Valleyrag's Boutin says blogging is dead, I say good riddance!

Desperate as ever to get a rise out of bloggers, Paul Boutin, of Valleywag fame (or shame, your choice), has been writing in Wired’s Entertainment section that “Twitter, Flickr, Facebook Make Blogs Look So 2004”.

He says “Thinking about launching your own blog? Here’s some friendly advice: Don’t. And if you’ve already got one, pull the plug.” Boutin’s argument is so flawed, when he mentions Jason Calacanis’ decision to stop blogging last summer and refers to Technorati as though it’s the sole reason for a blog’s existence.

Hello? McFly!? Being a Top 100 Technorati blog isn’t the be all and end all of blogging. Thousands of bloggers make a living from their trade, directly or indirectly, and it’ll take more than one bitter blogger to stop them from writing about their passion.

Millions of bloggers, big and small, write for completely non-financial reasons. It can help someone find focus, in the way a personal diary may have done a few years ago. Some find like-minded people to discuss hobbies, habits and interests with, from GTD to crocheting.

Others have found the longest lasting value of a blog; indirect revenue. Advertising is a fickle friend when revenue from your blog is dependent on traffic. A bumpy ride on the Googlecoaster and revenue can be eclipsed quicker than you can say “Google AdSense”. So the indirect revenue can be a longer-lasting, slow-burn solution, whether it’s in selling homemade jams and liqueurs after having detailed on your blog how you make them, in selling your band’s music where you’ve been actively blogging about the evolution of rock in the modern day or, like myself, providing services that are in line with the knowledge you’ve been sharing on your blog.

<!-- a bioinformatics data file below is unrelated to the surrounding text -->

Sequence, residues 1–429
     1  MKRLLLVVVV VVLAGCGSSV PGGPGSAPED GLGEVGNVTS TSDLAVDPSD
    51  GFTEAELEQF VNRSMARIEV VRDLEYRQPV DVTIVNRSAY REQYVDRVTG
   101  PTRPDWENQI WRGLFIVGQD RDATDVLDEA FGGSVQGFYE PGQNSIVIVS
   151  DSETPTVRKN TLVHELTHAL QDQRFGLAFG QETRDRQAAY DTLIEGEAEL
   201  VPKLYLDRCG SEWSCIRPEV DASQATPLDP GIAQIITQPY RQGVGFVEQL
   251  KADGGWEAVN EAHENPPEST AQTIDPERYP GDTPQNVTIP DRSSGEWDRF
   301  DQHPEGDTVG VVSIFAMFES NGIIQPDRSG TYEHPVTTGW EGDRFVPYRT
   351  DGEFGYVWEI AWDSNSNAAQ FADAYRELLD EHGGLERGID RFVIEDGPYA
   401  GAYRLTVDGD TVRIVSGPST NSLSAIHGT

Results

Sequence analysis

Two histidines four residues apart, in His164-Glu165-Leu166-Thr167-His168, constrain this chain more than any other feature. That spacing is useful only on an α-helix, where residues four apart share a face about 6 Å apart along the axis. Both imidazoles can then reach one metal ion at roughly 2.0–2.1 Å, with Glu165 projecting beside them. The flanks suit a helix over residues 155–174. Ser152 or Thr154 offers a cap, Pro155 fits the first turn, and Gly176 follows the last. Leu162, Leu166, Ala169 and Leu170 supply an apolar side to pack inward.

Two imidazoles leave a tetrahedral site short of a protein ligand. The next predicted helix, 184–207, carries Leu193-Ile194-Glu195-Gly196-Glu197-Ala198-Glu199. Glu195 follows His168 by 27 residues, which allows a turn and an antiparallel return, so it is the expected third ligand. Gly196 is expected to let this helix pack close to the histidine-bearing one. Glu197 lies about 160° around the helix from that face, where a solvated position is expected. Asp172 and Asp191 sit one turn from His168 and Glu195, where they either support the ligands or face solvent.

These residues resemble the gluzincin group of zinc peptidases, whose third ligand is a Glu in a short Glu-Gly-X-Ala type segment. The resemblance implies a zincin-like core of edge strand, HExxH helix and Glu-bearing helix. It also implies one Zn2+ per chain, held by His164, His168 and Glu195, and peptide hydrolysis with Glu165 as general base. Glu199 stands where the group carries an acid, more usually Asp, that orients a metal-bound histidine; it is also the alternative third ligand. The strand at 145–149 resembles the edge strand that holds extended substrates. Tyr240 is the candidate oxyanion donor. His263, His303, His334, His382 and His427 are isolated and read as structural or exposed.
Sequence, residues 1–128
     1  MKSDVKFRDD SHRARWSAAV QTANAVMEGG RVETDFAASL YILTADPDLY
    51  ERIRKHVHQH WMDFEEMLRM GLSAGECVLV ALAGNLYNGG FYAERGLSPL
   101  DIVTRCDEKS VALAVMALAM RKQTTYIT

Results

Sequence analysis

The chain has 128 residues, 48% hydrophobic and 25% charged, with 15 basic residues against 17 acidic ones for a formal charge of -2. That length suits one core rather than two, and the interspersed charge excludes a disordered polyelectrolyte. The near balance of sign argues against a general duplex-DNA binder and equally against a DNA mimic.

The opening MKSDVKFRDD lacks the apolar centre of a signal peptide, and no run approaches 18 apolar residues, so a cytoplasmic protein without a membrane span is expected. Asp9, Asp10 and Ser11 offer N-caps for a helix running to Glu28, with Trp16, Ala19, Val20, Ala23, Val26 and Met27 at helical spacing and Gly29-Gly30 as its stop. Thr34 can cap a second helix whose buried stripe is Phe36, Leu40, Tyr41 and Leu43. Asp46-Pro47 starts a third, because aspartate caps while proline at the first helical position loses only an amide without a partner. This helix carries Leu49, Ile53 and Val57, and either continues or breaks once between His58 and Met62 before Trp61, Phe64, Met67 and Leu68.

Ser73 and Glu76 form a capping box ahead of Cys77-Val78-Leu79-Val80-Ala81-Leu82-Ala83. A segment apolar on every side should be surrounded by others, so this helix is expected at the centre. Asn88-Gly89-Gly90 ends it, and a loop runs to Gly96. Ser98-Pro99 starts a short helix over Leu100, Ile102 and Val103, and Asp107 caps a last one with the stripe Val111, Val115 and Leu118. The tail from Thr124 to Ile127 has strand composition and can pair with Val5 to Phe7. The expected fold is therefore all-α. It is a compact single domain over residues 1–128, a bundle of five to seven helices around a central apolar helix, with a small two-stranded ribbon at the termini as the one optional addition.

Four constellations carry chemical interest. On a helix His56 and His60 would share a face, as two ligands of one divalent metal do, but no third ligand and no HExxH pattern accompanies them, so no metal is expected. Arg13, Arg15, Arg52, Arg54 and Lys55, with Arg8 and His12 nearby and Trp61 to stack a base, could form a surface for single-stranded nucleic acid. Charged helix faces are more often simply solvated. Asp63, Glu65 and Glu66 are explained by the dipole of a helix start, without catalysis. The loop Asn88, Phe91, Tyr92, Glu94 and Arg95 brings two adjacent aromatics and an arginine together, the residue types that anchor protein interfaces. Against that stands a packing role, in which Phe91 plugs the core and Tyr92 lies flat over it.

In this instance, blogging is about reputation building, finding a community that feels like home.

Technorati’s algorithm and Boutin’s thinking are both relics from blogging’s first life. Now, like a snake shedding its skin, we are seeing blogs evolve into something more organic. They’re more three-dimensional, showing people’s Flickr photos, their tweets in the sidebar and contain a link to their Dopplr profiles outlining their next few trips. But in all reality, they still are the home and heart of many passionate bloggers, money-earning or not.

3 thoughts on “Valleyrag's Boutin says blogging is dead, I say good riddance!

  1. kat neville

    That article was the biggest contradiction I’ve ever heard. Brevity? Impersonal? Isn’t he writing in what is essentially a magazine blog? This is HIS job….not to write 140 character comments on twitter. Hasn’t he basically just said what he was doing with that very article was useless? Hilarious.

    You can’t formulate an argument or coherent opinion in 140 characters, and sometimes you write things that aren’t related to a flickr photo or a youtube video. I think you’re right, vero. He’s missed what the essence of blog writing is…. it’s not about being on page one of google or the top 100 on technorati. Great blog post!

  2. Damien DeBarra

    At the risk of shamelessly paraphrasing Clay Shirky, Boutin has made the classic mistake of seeing blogging as a publication platform – when it’s actually a conversation platform.

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